Social media has a damning effect. For many individuals seem to be incapable of moving beyond their own mistakes. We have all known someone who reminds us of our past. We have all known someone who is more than willing to share our mistakes, our mishaps, and our misunderstandings. Unfortunately, social media does not allow for the individual to grow and move beyond what has occurred in his or her past. Let’s return to what is friendship? Friendship is the ability to connect with another. It is this ability to share in common interest, desires, and achievements. It is also having an ability to connect when times are not so rosy. It is in these particular times that we tend to grow together, bonding over the situation, circumstance or event. Friendships are naturally woven together by these experiences.
An authentic friend does not need to receive a daily, weekly, monthly, or even a yearly call. An authentic friend remains loyal during the difficult times. An authentic friend is willing to be assertive and accountable when the times call for it. An authentic friend understands that friendship is an ever-evolving relationship bound to be complicated, but commonly comprised of mutual respect.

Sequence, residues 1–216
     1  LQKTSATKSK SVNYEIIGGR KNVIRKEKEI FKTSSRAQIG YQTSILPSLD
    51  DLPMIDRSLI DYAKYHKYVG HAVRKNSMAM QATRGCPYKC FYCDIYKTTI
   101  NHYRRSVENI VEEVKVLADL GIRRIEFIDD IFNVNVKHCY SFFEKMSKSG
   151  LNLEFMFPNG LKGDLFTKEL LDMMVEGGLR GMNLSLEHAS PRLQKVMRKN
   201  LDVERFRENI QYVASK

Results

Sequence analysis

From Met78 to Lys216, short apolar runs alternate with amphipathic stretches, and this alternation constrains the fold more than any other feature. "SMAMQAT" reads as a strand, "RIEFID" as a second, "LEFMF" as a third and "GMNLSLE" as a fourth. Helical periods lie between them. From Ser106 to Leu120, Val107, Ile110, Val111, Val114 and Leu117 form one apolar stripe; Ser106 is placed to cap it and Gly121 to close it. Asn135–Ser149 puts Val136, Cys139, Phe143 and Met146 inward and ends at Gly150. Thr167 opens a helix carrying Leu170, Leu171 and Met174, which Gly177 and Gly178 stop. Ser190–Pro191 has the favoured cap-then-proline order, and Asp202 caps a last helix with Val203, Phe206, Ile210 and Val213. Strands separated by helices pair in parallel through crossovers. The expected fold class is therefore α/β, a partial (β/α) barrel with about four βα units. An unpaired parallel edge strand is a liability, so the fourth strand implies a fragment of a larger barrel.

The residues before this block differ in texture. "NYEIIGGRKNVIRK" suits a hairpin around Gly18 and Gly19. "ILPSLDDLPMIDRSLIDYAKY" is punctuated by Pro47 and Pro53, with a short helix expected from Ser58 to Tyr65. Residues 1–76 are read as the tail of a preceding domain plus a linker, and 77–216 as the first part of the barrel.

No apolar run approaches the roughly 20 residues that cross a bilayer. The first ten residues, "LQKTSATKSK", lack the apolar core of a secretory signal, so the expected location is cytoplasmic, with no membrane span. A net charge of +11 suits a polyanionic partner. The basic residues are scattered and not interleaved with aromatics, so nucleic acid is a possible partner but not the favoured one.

Throughout our lives, we will encounter many individuals. We may have the privilege of developing lifelong friends. We may elect to develop different sets of friendships throughout the many stages of our lives. We may even elect to move beyond a friendship for reasons related to our own mental health and wellbeing. Remember that friendships are never perfect, but authentic friends should always look at empowering you.